Remember, a lot of covered call trades end up profitable, an outcome that isn’t so bad. The Rogers covered call I talked about at the beginning of this would’ve given an investor an annualized return of nearly 8%, and in less than a month, too. Imagine being upset about that outcome.
Essentially, even the worst covered call outcome is pretty good. Holding a stock and watching it go down is less good.
But the issue is a covered call strategy takes the best outcomes and downgrades them to just a pretty good result.
One of the dirty little secrets of the markets is even blue chip dividend paying stocks can rocket higher in a hurry. They don’t even need good news to propel this move, either. Sometimes the market moves quickly higher and everything comes along for the ride.
In the last year alone — which was generally a poor one for Rogers, or at least the stock — Rogers had two situations where the stock moved by 10% in the course of a month. The first was November 4th to December 5th, 2022, when shares moved from $56.60 to $63.05, an 11% move. Shares then hit a low just below $60 in April of this year before hitting $67.16 on May 1st.
Now imagine selling a $59 covered call in November or a $62 covered call back in April. That’s some pretty significant upside you would’ve left on the table.
But, at the same time, such an argument has flaws. For the whole “missing upside” thing to be really true, it would require the investor to sell at the top, which we all know is a pretty tall order. And we must also remember that blue chip stocks don’t often have such moves. This isn’t a once per month occurrence, and if it is, it’s pretty easy to just not sell covered calls on such a volatile stock.
Nelson’s covered call strategy
Right now, my covered call strategy is nonexistent, for two reasons:
I don’t want to give up that upside, even if I know it’s a comparatively rare event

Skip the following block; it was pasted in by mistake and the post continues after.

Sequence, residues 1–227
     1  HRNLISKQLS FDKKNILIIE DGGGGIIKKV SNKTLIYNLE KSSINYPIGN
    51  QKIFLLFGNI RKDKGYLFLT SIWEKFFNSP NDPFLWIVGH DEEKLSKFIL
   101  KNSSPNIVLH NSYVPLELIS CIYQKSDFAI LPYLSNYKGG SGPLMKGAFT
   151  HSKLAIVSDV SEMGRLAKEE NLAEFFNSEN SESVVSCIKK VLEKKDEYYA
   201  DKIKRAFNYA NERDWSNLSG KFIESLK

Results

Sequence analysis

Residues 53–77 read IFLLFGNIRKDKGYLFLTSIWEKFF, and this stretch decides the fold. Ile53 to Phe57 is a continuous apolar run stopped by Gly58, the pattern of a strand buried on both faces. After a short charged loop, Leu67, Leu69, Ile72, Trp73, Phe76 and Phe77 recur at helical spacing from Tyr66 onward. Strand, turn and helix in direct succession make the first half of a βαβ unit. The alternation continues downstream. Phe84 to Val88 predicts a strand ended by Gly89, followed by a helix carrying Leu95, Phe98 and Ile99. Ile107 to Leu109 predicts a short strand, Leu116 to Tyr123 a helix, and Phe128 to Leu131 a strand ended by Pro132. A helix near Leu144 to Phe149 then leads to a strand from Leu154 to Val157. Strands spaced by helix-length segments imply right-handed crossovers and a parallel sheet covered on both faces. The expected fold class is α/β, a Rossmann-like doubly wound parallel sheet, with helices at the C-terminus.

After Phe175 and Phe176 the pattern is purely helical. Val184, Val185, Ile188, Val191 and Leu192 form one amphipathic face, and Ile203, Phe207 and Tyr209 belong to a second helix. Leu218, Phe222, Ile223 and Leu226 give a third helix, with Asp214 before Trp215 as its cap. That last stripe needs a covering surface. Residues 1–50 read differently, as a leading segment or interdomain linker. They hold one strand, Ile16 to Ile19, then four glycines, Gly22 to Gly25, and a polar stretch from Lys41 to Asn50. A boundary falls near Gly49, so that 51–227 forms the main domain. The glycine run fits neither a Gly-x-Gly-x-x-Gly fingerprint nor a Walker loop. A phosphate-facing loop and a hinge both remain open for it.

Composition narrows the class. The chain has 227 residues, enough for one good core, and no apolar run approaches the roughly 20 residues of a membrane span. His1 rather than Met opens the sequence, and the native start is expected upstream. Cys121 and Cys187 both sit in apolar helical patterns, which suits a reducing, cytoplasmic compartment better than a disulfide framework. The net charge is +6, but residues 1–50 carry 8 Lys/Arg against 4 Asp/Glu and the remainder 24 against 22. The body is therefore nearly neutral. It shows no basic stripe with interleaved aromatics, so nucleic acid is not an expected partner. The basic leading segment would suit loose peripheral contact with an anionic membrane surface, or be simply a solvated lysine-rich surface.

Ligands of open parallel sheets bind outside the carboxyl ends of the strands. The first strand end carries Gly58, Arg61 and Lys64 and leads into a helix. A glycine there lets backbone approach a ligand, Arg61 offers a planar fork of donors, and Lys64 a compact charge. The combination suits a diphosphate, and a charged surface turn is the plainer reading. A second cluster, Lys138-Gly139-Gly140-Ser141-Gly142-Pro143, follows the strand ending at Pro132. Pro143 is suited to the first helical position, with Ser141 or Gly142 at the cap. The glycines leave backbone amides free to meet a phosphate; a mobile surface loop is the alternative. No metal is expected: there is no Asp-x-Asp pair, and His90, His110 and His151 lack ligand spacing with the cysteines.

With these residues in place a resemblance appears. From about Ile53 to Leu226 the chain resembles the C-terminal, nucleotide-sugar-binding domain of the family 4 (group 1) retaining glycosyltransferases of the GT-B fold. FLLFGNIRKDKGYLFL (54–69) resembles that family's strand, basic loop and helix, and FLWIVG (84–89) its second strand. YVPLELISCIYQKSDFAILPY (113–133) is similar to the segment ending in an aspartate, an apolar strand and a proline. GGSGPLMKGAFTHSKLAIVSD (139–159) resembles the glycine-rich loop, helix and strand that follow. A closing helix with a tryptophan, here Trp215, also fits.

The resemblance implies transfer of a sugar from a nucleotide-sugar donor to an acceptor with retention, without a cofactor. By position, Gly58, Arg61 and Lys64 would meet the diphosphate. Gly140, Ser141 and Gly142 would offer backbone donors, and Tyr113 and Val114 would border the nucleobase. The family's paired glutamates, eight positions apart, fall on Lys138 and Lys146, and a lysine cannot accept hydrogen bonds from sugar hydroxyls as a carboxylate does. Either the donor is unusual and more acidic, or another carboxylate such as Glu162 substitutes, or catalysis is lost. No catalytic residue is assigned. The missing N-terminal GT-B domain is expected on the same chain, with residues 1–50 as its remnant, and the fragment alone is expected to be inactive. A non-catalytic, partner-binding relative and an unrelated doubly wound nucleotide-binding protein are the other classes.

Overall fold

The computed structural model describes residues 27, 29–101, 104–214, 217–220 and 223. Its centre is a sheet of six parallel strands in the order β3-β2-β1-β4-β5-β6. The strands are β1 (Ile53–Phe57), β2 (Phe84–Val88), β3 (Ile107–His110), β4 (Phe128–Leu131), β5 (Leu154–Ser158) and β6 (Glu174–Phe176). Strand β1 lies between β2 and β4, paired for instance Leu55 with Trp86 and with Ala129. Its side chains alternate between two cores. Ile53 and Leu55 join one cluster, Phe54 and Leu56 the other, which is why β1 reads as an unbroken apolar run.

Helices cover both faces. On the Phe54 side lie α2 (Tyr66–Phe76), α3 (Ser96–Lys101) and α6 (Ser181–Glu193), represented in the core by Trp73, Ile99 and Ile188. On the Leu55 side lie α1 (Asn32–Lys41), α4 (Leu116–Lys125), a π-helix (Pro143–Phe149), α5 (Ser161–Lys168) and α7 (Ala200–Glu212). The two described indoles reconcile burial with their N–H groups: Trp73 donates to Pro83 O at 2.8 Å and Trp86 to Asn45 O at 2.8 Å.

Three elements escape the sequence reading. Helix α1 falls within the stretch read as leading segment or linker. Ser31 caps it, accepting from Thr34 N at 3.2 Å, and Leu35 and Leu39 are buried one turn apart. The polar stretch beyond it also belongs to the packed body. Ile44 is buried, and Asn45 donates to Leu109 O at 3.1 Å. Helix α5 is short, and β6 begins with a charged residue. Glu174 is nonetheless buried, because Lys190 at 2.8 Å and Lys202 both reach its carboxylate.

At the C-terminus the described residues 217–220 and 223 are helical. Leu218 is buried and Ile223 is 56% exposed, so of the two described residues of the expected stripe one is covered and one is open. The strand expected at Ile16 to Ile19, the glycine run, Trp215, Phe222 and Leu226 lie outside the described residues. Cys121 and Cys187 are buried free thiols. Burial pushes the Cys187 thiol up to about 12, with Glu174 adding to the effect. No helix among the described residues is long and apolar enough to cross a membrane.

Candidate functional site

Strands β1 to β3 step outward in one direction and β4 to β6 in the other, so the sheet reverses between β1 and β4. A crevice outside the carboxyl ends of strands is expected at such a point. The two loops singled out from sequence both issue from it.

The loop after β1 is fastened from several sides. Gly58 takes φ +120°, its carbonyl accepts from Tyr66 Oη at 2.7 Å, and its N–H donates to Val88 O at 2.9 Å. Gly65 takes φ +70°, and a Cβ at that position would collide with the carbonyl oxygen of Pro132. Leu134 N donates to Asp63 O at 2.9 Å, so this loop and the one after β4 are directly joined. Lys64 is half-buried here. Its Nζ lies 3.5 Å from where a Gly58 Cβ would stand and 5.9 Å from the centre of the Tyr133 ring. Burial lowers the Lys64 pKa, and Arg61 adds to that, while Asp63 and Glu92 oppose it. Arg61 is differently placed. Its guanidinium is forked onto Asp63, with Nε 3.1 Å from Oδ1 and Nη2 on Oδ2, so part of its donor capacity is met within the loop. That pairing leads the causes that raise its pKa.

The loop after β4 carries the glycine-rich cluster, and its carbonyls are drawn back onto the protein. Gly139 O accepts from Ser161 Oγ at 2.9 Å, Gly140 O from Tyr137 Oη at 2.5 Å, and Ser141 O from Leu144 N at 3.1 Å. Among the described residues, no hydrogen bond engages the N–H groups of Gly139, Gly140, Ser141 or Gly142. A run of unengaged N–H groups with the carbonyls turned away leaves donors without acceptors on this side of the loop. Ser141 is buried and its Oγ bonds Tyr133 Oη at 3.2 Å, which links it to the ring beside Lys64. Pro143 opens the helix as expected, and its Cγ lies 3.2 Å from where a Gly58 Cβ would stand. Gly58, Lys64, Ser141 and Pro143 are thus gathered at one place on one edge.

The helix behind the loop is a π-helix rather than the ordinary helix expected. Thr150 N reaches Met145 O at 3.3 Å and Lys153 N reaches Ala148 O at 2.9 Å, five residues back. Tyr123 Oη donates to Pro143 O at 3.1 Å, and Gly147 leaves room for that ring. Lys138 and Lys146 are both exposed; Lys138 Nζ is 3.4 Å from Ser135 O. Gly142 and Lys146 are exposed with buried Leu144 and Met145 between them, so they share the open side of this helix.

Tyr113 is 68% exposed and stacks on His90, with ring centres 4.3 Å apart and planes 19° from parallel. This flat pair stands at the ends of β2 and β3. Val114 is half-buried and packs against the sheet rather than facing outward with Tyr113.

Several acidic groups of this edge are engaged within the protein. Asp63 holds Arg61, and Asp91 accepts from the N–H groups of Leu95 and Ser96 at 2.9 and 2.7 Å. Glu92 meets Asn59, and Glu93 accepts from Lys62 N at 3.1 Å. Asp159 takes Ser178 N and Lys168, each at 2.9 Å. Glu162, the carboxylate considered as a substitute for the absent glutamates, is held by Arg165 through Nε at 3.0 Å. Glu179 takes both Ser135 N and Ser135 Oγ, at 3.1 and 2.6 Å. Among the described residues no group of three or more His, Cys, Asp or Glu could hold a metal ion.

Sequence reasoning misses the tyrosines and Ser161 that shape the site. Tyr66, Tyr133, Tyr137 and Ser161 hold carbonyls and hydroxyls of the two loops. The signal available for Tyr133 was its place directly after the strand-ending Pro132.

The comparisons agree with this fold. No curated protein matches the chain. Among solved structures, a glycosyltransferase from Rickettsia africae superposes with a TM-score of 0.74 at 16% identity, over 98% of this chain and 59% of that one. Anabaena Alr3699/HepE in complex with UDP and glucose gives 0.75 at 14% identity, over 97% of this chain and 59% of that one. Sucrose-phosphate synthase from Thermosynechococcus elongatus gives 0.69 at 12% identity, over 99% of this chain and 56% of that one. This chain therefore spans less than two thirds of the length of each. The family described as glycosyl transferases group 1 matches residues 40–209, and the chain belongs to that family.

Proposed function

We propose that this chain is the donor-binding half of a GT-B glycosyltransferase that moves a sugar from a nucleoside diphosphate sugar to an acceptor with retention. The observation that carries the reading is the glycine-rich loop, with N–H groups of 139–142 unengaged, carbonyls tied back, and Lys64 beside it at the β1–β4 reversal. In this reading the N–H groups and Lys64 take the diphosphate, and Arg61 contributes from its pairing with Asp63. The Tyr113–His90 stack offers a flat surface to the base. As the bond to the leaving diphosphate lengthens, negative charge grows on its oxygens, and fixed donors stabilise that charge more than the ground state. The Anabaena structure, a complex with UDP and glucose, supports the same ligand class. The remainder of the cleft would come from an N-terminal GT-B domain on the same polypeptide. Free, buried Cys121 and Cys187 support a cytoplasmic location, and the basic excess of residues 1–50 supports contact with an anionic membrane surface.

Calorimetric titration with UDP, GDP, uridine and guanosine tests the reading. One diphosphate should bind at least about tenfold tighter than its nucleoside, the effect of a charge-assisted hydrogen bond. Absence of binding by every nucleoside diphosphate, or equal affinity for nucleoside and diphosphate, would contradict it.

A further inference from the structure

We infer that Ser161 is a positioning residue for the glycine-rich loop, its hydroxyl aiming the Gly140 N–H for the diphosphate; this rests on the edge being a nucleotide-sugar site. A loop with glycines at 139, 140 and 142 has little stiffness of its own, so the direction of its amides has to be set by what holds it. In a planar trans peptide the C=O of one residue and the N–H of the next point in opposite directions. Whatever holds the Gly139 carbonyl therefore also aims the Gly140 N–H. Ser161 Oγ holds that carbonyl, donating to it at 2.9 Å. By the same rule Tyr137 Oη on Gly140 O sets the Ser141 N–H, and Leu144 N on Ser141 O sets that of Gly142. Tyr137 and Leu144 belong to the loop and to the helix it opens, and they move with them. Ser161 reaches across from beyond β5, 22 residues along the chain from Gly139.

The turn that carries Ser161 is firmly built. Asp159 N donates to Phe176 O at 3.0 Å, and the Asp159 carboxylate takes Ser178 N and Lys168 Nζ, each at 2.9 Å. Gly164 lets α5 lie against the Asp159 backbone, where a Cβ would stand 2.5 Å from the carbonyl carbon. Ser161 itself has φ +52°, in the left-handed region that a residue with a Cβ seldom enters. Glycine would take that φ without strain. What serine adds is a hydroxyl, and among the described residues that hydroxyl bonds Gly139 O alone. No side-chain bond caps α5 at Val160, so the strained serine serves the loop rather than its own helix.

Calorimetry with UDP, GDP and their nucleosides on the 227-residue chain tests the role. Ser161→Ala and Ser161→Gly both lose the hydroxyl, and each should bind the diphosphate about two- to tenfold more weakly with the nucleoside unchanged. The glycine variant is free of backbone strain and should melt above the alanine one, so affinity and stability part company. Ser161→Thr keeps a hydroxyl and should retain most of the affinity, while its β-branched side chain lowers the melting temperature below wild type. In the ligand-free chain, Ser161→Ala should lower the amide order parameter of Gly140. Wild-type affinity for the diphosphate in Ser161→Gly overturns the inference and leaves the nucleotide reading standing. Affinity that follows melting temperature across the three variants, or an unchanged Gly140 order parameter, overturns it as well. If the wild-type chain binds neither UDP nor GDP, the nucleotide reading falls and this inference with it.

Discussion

It’s a bunch of work
Let’s not sleep on option two here. Sure, the brokerage keeps track of a lot of your trades and whatnot, but it’s still work to execute a covered call strategy. It adds research time, too.
Because of those two reasons, I’m going to keep my portfolio covered call free. However, I’ll leave the proverbial door open a crack and add one scenario where I will consider covered calls.
As I’ve mentioned a couple of times now, there are a few positions I’m looking to exit. These are solid dividend payers that just haven’t delivered on any earnings growth. I’m in no rush to sell; mostly because selling stuff in a bear market is generally a poor idea. I’ll wait for the market to recover and then get rid of these positions.
I think these stocks are good potential covered call names. I’m looking to sell anyway, so I might as well extract a few extra dollars out of the position before I do. And if I miss out on that last little bit of upside, I’m not worried.
Nelson’s on vacation
As I mentioned earlier, I’m currently in Japan. The trip has been excellent so far, and I think Japan is one of the best values on the planet, too.
Vacation is a time for rest, but also a time for reflection. I’ve been spending time thinking about the future of this newsletter, including some changes I’m planning to make in the new year.
I won’t reveal what those changes are just yet, partially because I’m still finalizing some details. All I’ll say is I’m excited about the future of the newsletter, and I think y’all are really going to enjoy the slightly tweaked version.
I’ll continue posting when I get back from Japan. Next post for paid subscribers will be November 28th, and free subscribers won’t get another edition until December 3rd.